mr clipper

i spent mother’s day assisting a professional shearing team at our neighbor’s alpaca farm. i mean, when your neighbor needs help with fiber and you get the chance to watch a pro, really, the choice was obvious.

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i guess i was expecting someone old. maybe even grumpy. i never, ever imagined this pair: two young men, well traveled and tender with fiber. they met in the peruvian andes of course.

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they sheared 20 alpacas in a quick morning. we swapped stories. in those few hours in my neighbor’s barn, my current love of fiber and the fondest memories of my twenties spent travelling the world filled my mind and heart. tales of south america  and asia flowed amidst countless facts of alpaca fiber and dyeing and shearing equipment and staple length.

if anyone is ever in need of an alpaca shearer, mr clipper’s shearing service comes with my highest praise.

the mill trip

it can be an annual or semi annual or bi annual or “holy smokes our barn is full of fleece” trip to our fiber mill. so many  points of interest lie in the 250 miles between our farm and ohio valley natural fibers . each trip up there has had a different flavor, none better than the other.

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the view out the back is always the same

this year we chose the urban route through louisville. our agenda was simple: good coffee and a taste of the local food scene. our delightful host was more than happy to comply and the overnight adventure was perfect.

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milllllls

we have been working with ovnf since we sheared our first ewe. the original owners had jacob’s sheep and we felt a mill that was familiar with our breed of sheep was the perfect match. now, under new ownership, we remain delighted with their services to us and other members of our regional fiber community.

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mmm

mmmmmm

needless to say, by the time we returned to louisville we had just enough daylight left to meander over the ohio. the sun set on our great adventure and we returned home to a farm well cared for by my teenagers (OK, one actual teenager and one 24 hours shy).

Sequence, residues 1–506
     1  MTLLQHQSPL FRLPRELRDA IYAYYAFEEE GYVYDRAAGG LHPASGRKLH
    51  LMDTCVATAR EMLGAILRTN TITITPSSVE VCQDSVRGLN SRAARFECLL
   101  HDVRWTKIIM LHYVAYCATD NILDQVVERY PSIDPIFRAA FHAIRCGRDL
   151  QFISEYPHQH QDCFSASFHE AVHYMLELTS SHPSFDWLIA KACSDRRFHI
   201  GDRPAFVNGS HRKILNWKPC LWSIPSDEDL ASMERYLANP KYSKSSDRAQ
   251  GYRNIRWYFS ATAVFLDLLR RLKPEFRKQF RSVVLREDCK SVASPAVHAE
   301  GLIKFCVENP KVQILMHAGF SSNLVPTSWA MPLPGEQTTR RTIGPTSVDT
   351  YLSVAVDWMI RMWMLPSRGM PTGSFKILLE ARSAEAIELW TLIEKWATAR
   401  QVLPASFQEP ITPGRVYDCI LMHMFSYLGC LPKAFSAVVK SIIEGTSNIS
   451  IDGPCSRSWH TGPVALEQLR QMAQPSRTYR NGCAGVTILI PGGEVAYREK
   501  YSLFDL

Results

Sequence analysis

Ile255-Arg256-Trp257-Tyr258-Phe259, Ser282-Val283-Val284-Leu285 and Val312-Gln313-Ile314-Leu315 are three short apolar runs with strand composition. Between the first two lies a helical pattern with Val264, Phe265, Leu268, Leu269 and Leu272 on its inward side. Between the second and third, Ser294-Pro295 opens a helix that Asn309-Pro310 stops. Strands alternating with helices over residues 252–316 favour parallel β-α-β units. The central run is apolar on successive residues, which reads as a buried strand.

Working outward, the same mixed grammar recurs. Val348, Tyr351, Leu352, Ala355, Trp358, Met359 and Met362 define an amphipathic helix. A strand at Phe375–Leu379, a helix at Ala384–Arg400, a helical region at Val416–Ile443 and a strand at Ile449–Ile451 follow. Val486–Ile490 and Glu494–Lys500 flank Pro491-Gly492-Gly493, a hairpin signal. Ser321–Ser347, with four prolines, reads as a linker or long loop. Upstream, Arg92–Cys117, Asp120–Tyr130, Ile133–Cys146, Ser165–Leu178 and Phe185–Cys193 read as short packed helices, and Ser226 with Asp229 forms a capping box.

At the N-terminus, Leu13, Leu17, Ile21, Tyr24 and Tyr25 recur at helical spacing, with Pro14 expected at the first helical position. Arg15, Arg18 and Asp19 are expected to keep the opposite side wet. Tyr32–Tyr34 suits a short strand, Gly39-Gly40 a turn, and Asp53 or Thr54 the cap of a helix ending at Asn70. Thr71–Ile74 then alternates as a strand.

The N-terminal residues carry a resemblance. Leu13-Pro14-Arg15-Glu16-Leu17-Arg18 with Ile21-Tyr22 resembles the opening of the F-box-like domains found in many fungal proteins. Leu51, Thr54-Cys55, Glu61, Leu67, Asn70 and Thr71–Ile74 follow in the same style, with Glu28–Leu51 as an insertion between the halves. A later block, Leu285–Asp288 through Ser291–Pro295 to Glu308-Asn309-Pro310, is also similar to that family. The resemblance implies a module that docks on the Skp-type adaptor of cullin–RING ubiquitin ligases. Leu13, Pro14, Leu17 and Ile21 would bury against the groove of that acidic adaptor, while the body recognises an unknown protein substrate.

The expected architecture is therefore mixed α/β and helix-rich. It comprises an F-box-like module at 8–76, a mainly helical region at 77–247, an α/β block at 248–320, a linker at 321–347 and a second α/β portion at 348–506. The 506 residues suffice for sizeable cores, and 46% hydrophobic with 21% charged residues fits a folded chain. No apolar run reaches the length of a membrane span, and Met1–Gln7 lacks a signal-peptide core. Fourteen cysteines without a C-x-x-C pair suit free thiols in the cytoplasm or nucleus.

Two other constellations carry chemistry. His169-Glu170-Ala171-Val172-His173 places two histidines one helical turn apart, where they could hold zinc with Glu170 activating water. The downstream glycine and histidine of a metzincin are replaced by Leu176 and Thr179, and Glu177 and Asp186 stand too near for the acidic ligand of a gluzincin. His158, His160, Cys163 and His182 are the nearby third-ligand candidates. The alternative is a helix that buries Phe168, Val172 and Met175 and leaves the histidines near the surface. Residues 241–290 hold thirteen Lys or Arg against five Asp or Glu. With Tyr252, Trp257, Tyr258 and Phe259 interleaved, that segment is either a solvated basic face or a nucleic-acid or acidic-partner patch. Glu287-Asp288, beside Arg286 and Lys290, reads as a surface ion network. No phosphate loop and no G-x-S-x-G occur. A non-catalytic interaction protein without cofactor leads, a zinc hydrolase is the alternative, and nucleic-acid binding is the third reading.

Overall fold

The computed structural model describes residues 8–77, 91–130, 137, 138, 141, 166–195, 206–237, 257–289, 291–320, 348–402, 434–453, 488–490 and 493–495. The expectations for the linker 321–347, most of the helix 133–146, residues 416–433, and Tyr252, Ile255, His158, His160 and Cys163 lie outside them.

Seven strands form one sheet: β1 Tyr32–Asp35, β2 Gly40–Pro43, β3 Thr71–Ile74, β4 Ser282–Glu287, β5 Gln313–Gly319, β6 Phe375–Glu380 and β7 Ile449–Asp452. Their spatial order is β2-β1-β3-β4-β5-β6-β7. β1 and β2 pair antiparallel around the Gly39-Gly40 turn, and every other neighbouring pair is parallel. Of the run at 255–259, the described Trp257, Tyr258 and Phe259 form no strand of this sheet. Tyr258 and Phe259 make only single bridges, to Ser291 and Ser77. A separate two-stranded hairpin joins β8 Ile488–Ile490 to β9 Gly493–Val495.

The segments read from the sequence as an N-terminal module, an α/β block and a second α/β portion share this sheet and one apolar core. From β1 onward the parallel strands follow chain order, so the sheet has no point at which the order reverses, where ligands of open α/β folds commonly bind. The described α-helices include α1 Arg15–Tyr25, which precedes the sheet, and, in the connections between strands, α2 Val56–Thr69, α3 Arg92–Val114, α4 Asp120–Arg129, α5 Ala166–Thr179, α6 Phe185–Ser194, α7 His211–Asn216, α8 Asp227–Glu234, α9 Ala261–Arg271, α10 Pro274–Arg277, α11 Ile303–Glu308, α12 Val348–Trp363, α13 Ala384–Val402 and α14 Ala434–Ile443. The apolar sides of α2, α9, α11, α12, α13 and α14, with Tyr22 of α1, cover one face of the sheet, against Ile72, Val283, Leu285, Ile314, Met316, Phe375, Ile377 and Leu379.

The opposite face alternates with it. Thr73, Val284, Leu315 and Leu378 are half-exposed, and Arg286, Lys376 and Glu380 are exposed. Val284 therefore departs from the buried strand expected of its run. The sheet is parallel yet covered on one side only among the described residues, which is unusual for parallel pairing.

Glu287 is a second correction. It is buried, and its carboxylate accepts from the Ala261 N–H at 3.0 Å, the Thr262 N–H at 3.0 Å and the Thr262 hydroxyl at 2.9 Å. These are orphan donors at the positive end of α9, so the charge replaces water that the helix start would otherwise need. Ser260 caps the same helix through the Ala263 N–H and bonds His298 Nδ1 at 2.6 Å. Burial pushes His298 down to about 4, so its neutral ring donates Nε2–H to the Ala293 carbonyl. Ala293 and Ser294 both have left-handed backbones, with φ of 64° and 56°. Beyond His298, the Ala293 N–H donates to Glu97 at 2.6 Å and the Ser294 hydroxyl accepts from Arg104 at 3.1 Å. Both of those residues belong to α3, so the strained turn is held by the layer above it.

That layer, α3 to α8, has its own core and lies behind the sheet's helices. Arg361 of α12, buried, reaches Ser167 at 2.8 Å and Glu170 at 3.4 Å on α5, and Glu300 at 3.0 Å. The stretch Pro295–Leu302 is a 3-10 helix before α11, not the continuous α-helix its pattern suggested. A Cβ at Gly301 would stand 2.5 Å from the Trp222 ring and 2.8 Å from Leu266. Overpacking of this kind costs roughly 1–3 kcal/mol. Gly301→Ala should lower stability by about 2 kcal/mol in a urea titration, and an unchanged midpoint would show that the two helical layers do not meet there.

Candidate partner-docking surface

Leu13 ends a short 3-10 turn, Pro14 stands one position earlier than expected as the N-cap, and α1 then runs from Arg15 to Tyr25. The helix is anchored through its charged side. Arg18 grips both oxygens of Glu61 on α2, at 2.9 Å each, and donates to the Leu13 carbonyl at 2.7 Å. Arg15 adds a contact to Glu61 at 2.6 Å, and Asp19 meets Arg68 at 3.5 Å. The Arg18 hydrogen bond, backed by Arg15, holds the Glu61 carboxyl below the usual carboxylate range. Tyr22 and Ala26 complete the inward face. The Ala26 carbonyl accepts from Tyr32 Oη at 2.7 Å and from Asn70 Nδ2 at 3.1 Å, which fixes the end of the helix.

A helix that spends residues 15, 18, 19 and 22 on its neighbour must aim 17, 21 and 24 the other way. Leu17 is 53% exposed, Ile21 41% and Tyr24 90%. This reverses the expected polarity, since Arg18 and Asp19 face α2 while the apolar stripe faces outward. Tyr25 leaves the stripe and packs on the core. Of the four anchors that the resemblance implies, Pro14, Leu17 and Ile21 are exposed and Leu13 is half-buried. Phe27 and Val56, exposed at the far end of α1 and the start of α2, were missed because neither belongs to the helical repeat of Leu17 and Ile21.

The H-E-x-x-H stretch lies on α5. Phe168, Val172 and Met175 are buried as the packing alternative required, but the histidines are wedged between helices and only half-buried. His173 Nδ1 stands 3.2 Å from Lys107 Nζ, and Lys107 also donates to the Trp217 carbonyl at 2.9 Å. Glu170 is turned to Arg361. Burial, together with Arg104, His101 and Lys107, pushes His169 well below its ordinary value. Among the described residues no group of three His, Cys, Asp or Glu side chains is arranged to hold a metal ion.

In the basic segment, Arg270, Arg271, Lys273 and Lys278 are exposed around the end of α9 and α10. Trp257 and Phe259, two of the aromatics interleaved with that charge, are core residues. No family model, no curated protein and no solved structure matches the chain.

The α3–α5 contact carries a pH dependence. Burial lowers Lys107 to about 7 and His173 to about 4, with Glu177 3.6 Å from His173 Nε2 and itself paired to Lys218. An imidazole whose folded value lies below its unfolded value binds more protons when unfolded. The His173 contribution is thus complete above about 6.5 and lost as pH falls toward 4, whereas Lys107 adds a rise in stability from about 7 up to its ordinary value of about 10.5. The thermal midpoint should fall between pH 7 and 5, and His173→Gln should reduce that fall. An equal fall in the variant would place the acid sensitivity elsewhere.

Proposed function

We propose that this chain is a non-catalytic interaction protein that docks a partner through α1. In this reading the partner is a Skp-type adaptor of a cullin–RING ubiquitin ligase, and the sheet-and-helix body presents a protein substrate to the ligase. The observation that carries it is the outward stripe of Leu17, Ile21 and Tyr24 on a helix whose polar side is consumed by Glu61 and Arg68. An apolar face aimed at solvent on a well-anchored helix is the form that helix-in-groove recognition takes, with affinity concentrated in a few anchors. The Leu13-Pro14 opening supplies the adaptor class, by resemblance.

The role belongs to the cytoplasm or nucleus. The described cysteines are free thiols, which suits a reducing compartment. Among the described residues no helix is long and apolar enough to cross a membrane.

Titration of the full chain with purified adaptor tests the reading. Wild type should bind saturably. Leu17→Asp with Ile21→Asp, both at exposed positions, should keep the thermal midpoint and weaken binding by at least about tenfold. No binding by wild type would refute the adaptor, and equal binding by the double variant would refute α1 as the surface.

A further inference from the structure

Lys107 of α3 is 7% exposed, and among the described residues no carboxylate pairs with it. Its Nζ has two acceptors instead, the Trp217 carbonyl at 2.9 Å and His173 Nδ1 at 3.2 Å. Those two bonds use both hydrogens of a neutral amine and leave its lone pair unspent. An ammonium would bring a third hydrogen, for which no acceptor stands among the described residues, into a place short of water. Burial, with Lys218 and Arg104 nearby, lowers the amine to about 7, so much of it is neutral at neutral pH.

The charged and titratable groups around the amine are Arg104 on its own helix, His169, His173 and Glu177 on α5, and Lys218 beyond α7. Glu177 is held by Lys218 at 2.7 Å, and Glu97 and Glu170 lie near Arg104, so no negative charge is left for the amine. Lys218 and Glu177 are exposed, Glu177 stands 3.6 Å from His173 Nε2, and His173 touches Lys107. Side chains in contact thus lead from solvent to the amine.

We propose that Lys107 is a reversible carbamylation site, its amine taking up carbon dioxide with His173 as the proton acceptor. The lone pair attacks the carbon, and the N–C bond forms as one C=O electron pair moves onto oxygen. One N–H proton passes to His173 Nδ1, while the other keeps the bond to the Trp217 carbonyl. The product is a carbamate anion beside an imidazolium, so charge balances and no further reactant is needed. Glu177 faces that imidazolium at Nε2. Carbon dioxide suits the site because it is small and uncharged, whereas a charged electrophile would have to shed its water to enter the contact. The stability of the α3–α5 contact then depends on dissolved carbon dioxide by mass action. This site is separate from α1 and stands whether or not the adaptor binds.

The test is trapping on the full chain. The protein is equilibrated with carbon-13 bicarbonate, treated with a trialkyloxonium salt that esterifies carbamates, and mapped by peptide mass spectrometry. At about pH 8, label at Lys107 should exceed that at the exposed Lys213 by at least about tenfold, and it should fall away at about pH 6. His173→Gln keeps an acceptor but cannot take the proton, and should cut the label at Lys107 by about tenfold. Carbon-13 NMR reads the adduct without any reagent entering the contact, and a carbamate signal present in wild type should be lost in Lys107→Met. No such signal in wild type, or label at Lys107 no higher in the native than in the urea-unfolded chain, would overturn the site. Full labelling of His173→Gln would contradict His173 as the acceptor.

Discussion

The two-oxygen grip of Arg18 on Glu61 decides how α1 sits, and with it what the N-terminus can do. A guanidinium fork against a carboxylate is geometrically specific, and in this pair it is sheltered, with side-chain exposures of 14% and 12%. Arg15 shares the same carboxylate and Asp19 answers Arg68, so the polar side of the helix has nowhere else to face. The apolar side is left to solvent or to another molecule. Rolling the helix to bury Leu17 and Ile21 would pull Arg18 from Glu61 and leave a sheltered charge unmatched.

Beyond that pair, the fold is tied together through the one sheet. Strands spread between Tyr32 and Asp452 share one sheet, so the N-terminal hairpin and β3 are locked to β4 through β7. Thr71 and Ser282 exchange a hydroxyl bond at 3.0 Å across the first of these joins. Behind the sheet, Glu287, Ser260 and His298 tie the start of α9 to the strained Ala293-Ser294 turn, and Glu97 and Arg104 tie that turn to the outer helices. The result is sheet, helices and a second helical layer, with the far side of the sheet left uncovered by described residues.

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clearly the barge knew he had an audience!

 

the vision realized

the week gone by is really beyond words. the level of intensity required to achieve what we wanted was pretty high.  usually my man and i mediate each other. when one is pushing into superhuman mode, the other stops, makes tea, cooks some nourishing food. this time, not so. we were both so driven to accomplish, we went through these past days kind of, sort of, unstoppable. to the dear 2015 hill and hollow crew:  you deserve  the highest of accolades. the first of many events at the now blessed hill and hollow farm stay was, hands down, a huge success. the magic of blue: an introduction to natural dyeing at the farm stay at hill and hollow. done.

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barn

the farm stay, still under renovation remember, was transformed. on it’s acres and in it’s rooms we gathered: 10 adults,  8 children, and a new flock of 10 sheep for a day of sharing. a day so rich we were each deeply nourished. we dyed. we dined. we wove. we spun. we made connections that will last and yarn in the deepest colors.

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i am still in awe of the event and still swirling in the delight of our day. creating such beauty with such amazing folks, wow.

harvesting the japanese indigo plant

harvesting the japanese indigo plant

 

picking the leaves off of the stems is way more fun with a group

picking the leaves off of the stems is way more fun with a group

 

oxygenating our dye vats

oxygenating our dye vats

one guest erin  is a skilled weaver. natural dyeing offers moments of down time, when a dye pot is steeping, when yarn is immersed in the vat, these are moments we took to offer even more opportunity to work with our farm’s fiber. with a table loom warped with hill and hollow yarn, each guest was able to weave a pouch. this weaving below was later cut into each individual’s pieces. what a lovely image representing the timeless beauty of fiber, friendship and collaboration.

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